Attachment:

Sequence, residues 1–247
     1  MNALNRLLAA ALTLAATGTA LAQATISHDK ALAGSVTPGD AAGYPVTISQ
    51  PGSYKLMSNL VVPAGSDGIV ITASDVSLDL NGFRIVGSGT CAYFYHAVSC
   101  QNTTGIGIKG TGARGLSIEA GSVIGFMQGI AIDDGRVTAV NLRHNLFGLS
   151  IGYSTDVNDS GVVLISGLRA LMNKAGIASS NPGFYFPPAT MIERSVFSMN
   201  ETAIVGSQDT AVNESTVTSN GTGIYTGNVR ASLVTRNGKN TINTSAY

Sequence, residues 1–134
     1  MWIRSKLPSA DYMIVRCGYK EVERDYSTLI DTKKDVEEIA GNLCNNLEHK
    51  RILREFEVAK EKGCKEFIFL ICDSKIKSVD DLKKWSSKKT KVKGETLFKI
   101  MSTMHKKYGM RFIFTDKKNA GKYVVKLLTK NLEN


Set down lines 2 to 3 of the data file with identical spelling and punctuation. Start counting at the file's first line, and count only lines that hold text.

     1  MNALNRLLAA ALTLAATGTA LAQATISHDK ALAGSVTPGD AAGYPVTISQ
    51  PGSYKLMSNL VVPAGSDGIV ITASDVSLDL NGFRIVGSGT CAYFYHAVSC